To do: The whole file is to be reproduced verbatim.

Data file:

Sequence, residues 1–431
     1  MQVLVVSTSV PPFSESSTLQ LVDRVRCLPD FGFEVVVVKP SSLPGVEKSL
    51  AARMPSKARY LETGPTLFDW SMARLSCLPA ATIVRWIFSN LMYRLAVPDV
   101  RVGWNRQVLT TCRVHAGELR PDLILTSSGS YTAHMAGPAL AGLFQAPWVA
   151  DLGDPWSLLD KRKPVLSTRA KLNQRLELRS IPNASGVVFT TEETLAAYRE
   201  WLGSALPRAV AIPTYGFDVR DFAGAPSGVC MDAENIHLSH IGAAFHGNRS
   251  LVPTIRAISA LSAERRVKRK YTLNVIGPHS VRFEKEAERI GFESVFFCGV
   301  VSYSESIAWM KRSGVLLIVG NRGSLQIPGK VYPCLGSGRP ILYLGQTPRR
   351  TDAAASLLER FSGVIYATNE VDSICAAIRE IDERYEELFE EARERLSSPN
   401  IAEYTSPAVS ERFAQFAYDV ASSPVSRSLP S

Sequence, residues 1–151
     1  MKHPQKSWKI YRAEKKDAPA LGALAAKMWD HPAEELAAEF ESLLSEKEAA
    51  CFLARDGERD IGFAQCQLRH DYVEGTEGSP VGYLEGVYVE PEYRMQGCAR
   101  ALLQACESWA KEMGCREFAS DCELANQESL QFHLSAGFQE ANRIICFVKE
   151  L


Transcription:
Sequence, residues 1–431
     1  MQVLVVSTSV PPFSESSTLQ LVDRVRCLPD FGFEVVVVKP SSLPGVEKSL
    51  AARMPSKARY LETGPTLFDW SMARLSCLPA ATIVRWIFSN LMYRLAVPDV
   101  RVGWNRQVLT TCRVHAGELR PDLILTSSGS YTAHMAGPAL AGLFQAPWVA
   151  DLGDPWSLLD KRKPVLSTRA KLNQRLELRS IPNASGVVFT TEETLAAYRE
   201  WLGSALPRAV AIPTYGFDVR DFAGAPSGVC MDAENIHLSH IGAAFHGNRS
   251  LVPTIRAISA LSAERRVKRK YTLNVIGPHS VRFEKEAERI GFESVFFCGV
   301  VSYSESIAWM KRSGVLLIVG NRGSLQIPGK VYPCLGSGRP ILYLGQTPRR
   351  TDAAASLLER FSGVIYATNE VDSICAAIRE IDERYEELFE EARERLSSPN
   401  IAEYTSPAVS ERFAQFAYDV ASSPVSRSLP S

Sequence, residues 1–151
     1  MKHPQKSWKI YRAEKKDAPA LGALAAKMWD HPAEELAAEF ESLLSEKEAA
    51  CFLARDGERD IGFAQCQLRH DYVEGTEGSP VGYLEGVYVE PEYRMQGCAR
   101  ALLQACESWA KEMGCREFAS DCELANQESL QFHLSAGFQE ANRIICFVKE
   151  L